Addressing rumors he said were not at all true, Naes said, “I saw things going around saying that the school district is defunding the band or whatever. That is totally not the case. I have an awesome budget compared to our other MAAA schools. I feel super well-supported in that regard. We’re able to buy the instruments that we need to keep everything up to date, and we have a plan on how to do that and make sure we use our budget well and wisely.
“We have enough money to buy the music that we need for different concerts and things and repair what we need. So that is not happening, and that is not a concern. Again, I know that there are a lot of questions about different things, and so, instead of just necessarily sharing with all of you my ideas, I want to give you guys a chance to ask questions about what you’re thinking, seeing, hearing or thinking about.”
The first parent to make a comment said, “I’m proud to call you our band director. You do great things for these children, but I am very much against changing it, and I think you see a lot of people are. And I don’t know how much of it is just exploring when we go through Central, and their band directors say, ‘Well, this is your last year here, we hear this is your last year. And that seems like it’s, that seems like it’s a bad idea.”
Note: The Daily Journal received a phone call from Central High School Band Director Matt Filer on Thursday, Oct. 6, denying that he or his staff have made comments to anyone about the Farmington High School band program regarding its future participation or non-participation in competitions. He added that the Central High School Band is “completely neutral” about any decisions the school district makes regarding the Farmington High School Band program. – Editor
Naes replied, “Okay, yeah, so, and what I’m looking at is, you know, the way the trajectory of marching band, both since Emily has been in the program and since people in the past have been in the program, has gone a lot more towards the use of electronics, gone a lot more towards ballet and dance elements of putting on a show. It’s not necessarily about the music and the drilling more. It’s all about all the other visual elements, and it’s also about a lot of the props that are happening. Now, I have resisted those things because, at the end of the day, I don’t think that’s what’s best for our kids.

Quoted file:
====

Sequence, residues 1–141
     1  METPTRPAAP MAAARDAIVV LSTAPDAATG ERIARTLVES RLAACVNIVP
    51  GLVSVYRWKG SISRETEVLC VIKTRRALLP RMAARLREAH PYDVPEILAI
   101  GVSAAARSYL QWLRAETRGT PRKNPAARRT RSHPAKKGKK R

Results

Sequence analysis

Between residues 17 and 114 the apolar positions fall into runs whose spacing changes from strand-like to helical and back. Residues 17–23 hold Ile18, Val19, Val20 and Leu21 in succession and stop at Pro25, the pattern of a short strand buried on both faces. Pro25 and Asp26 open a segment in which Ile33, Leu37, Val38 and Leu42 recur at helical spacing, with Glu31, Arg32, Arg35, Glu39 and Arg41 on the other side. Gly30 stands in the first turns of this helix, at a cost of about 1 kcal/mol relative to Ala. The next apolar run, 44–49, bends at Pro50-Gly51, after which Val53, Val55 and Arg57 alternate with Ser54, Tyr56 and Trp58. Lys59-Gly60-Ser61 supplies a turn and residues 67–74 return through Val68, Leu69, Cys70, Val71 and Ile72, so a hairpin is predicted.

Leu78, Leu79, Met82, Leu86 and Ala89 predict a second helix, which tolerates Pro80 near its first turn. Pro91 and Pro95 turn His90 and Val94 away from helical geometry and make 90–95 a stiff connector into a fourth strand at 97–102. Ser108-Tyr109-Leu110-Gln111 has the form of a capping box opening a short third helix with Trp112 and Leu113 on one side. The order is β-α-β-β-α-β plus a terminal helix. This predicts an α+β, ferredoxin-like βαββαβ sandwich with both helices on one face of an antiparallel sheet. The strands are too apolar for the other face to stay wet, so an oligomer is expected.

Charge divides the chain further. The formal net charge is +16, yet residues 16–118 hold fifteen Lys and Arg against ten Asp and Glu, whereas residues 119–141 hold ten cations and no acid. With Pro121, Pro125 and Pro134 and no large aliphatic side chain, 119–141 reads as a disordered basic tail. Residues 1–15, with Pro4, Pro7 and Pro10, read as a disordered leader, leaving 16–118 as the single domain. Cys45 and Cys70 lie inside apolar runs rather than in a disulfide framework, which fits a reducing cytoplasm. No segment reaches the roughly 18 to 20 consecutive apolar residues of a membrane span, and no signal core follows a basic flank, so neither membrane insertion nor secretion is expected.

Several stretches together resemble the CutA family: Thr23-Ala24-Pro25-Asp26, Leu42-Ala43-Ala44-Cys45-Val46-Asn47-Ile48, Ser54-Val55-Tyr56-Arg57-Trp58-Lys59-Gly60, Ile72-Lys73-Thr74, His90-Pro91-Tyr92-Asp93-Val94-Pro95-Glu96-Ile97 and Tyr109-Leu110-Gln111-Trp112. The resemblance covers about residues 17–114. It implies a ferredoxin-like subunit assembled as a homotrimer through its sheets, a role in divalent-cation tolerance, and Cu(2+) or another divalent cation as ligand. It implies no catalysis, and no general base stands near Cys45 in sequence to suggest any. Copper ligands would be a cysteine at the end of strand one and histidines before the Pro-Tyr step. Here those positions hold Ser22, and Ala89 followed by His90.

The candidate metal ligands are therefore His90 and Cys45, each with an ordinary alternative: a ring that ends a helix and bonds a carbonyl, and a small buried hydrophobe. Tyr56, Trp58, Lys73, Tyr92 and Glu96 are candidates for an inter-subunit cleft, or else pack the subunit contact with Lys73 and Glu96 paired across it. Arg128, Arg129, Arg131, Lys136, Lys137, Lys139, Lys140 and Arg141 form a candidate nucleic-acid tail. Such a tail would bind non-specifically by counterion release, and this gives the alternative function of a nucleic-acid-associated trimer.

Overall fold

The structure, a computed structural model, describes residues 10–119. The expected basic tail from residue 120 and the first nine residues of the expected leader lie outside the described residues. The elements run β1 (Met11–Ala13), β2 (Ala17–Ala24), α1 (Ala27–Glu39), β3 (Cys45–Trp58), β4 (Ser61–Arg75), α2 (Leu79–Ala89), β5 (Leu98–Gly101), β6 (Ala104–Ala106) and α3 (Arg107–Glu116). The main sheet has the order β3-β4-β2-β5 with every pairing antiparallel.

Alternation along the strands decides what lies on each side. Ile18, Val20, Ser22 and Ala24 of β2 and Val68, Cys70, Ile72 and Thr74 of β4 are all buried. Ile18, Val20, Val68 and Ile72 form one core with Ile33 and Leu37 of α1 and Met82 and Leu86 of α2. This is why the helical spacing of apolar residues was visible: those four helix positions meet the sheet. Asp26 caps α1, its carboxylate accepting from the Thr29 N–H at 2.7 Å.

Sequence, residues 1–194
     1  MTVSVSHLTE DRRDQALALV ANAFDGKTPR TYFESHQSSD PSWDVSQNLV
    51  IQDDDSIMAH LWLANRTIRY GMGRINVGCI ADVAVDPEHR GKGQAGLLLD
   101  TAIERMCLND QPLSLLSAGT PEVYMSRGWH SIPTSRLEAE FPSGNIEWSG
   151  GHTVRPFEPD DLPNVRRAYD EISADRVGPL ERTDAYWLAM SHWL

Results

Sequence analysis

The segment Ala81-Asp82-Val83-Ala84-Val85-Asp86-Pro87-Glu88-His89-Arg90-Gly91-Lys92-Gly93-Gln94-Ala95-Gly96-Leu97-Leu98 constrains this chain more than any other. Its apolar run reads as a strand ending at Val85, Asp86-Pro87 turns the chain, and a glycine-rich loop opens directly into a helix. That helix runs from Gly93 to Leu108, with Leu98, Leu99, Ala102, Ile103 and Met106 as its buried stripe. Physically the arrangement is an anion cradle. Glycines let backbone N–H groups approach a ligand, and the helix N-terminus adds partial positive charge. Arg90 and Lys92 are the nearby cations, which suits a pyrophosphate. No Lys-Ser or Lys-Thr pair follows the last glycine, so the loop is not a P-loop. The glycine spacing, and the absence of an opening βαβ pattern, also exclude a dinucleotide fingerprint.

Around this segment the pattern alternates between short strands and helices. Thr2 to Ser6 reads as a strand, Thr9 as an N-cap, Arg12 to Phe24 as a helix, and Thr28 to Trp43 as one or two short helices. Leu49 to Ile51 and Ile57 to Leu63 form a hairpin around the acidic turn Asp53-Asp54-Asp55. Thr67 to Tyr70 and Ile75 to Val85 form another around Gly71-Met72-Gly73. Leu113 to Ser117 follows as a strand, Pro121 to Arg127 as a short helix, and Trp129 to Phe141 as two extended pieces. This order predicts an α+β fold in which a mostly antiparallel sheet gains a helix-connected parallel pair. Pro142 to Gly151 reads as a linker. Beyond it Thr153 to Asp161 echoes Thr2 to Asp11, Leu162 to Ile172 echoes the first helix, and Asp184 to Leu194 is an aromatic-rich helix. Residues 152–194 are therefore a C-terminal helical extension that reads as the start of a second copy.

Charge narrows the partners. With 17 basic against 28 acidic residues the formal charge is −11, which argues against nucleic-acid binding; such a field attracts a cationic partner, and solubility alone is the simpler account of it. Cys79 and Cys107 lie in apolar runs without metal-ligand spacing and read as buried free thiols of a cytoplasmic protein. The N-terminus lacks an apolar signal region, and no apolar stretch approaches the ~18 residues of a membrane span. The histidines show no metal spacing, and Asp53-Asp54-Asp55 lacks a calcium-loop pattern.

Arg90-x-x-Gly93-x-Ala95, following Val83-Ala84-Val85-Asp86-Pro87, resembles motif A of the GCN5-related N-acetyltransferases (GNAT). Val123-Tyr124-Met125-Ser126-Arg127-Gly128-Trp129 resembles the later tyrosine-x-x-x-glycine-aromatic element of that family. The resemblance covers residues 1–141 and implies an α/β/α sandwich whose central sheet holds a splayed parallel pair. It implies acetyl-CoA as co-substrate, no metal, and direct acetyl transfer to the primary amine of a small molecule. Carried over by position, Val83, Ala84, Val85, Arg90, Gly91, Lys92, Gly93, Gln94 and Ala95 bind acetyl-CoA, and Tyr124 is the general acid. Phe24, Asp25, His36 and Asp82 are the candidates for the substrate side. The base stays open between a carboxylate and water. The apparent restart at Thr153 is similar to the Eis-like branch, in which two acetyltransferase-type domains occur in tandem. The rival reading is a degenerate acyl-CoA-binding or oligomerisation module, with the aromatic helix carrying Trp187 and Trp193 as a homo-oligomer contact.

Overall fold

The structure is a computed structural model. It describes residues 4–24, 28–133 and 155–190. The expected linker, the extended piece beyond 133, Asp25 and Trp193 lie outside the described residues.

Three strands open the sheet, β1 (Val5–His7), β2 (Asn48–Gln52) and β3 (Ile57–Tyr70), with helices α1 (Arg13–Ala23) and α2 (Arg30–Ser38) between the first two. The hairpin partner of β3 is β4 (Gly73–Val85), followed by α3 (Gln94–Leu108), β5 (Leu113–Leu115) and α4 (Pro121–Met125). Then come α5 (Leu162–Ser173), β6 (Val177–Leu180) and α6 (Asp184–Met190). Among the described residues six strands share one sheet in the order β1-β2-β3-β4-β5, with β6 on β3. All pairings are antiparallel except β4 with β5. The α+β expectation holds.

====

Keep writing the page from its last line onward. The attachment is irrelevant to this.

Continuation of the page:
“And there’s even some music judges that we got feedback from this year who said, ‘Every minute you spend teaching your kids how to do like a silly looking visual thing that’s more modern and more stylistic and common across groups, every minute you spend doing that is one less minute that you spend working on scales or notes or rhythms or articulation and the things that matter more.’ And so again, I’m just looking at, okay, if those are the things that I dislike the most and that I find are the least educational about marching band, which again, we haven’t done those things, what are some other things that don’t include those things that we could look into doing? And one of those things was parade marching.
Naes reminded the parents that they had seen the band marching down the street at Farmington Country Days, the homecoming parade and the Christmas parade.